OK, not that kind of plate! Simply put, plate solving is comparing an astronomical mage with a known database to determine the exact coordinates to which the telescope is pointing. As accurate as the pointing is for some high-quality telescope mounts, there is enough potential pointing error that the intended object may not appear on a small camera sensor. Or if it does appear, it may not be centered. Sometimes with dimmer objects, the short exposures used for framing may not show the object at all.
Years ago, when I started learning the hobby of astrophotography, image sensors were quite small. My SBIG ST7 camera, attached to my 10-inch Meade LX 200 telescope, combined to create a field of view of just 0.25 x 0.17 degrees. For comparison, the moon has a diameter of approximately 0.5 degrees. By today’s standards, the pointing accuracy of the Meade LX200 was not particularly good, and the sensor was not particularly sensitive. When you combine those two factors, there were many times when I pointed to an object in the mount’s database and saw absolutely nothing resembling the object in which I was interested, and only some brighter stars could be seen. I sometimes spent hours examining known star patterns from other photographs of my intended object, trying to match them with the stars on my sensor. Usually, I could use the star patterns to determine if I was pointing to where I wanted and to roughly center the object on the camera sensor. But there were times I could not match the star patterns on the image with known photographs of stars near my intended target, and I gave up trying to image for the night.
Enter plate solving! Today’s imaging software allows us to take an image and automatically compare the star patterns with a huge known database of the entire sky. Not only will the software determine the match, but it will also nudge the telescope until the intended object is exactly centered in the field of view! It will also calibrate the mount coordinates to match those of the known database coordinates. This automatic match is even accomplished in a matter of seconds, saving a great deal of time trying to do the match visually and manually.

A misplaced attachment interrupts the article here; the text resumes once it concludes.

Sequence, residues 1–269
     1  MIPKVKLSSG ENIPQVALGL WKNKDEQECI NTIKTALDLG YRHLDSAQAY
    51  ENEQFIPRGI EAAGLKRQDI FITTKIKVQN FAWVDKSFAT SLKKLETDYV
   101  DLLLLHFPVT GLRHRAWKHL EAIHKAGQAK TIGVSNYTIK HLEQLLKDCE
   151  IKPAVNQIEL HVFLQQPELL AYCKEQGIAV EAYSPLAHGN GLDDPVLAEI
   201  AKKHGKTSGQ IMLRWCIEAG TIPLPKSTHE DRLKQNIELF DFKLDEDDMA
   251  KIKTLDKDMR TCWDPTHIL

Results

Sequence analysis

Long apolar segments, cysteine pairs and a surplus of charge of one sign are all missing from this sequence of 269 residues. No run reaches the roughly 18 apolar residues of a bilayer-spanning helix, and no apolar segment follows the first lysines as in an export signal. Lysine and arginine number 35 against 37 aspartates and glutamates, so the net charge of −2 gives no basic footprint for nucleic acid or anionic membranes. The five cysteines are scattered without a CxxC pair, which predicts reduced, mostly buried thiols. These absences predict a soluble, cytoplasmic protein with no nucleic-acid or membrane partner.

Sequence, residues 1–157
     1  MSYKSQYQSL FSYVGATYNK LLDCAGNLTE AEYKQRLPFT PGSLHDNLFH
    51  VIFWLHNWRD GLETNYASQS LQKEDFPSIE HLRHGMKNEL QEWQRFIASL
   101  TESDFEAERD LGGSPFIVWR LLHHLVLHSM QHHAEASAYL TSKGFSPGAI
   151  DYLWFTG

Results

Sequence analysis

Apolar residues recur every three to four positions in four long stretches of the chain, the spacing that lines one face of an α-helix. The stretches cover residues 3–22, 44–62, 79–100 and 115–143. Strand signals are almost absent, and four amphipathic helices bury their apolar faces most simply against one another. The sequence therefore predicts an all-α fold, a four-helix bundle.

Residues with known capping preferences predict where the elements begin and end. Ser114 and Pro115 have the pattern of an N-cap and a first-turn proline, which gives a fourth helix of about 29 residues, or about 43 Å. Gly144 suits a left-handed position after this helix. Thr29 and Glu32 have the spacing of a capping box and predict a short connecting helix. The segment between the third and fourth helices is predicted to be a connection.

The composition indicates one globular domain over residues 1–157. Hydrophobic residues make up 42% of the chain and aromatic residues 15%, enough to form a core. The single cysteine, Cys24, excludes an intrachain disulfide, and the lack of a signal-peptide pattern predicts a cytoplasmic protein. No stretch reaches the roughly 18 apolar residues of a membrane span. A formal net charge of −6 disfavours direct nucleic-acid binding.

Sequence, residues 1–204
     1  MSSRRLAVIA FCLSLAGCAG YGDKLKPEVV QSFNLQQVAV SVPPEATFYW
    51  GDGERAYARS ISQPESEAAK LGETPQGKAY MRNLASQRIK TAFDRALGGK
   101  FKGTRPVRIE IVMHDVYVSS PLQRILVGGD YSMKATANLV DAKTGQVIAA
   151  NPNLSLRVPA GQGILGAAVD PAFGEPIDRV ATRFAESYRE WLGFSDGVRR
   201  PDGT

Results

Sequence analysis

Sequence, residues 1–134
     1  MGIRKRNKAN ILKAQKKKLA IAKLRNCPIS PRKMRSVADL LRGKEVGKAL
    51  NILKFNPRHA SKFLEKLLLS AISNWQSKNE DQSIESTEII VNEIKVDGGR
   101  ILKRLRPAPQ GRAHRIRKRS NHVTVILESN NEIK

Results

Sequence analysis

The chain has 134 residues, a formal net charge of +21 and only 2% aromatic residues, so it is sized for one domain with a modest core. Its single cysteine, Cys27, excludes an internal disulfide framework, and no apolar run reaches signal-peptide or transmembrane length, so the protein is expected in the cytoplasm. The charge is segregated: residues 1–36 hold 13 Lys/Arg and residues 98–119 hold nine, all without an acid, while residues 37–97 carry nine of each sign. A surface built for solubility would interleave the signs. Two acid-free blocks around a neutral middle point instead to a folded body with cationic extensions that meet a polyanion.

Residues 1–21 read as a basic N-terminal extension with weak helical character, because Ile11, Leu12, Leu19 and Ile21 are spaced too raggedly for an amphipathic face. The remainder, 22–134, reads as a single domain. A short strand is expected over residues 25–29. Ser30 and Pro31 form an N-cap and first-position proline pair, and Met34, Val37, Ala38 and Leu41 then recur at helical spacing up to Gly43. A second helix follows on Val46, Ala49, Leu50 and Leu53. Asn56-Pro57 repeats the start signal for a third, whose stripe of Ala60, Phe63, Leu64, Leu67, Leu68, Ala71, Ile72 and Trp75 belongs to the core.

ASTAP (Astrometric STAcking Program) is one of the most popular plate-solving software. It also does image stacking, but I don’t use it for that purpose. It also integrates into common Imaging software, including the free NINA software. ASTAP is my first choice because I have found the results usually take just a few seconds. When the software is installed, you have a choice of which database to download, ranging from a small database all the way up to a large database. I recommend the large database if your computer storage is adequate. The results are usually very fast because the database is local on your computer, the image has known approximate coordinates based on the image itself, and there is no need to “send” the image out on the Internet to be interpreted. Setup requires you to enter your focal length and pixel size, so ASTAP knows the size of the field-of-view to inspect. When I have a target in mind, NINA will take the image, use ASTAP to determine the actual coordinates of the center of the frame, nudge the telescope to center the object and then match the mount coordinates to the actual coordinates. This process may be repeated a few times to center the object precisely, but it usually doesn’t take more than a minute or so.
Another popular plate solver is astrometry.net. This is considered a blind plate-solver. An image is taken and submitted to the nova.astrometry.net website. You do need to create an account to use the service, but when local plate solving doesn’t work, blind pate-solving can really help. Only the image itself is uploaded, so astrometry.net has no other identifying information, such as catalog name or expected coordinates. It uses an algorithm to decipher star patterns and matches them to a known database. This process takes longer because the image needs to be uploaded, and the algorithm takes time to interpret the star patterns to determine the sky coordinates.
Plate solving has revolutionized the process of framing and precisely centering your intended target. This is great for all astronomical targets, but it is particularly useful for dim objects in brighter nighttime skies where the object may not be visible in the short exposures used to find and center the object. It can also fine-tune and calibrate the pointing in go-to mounts.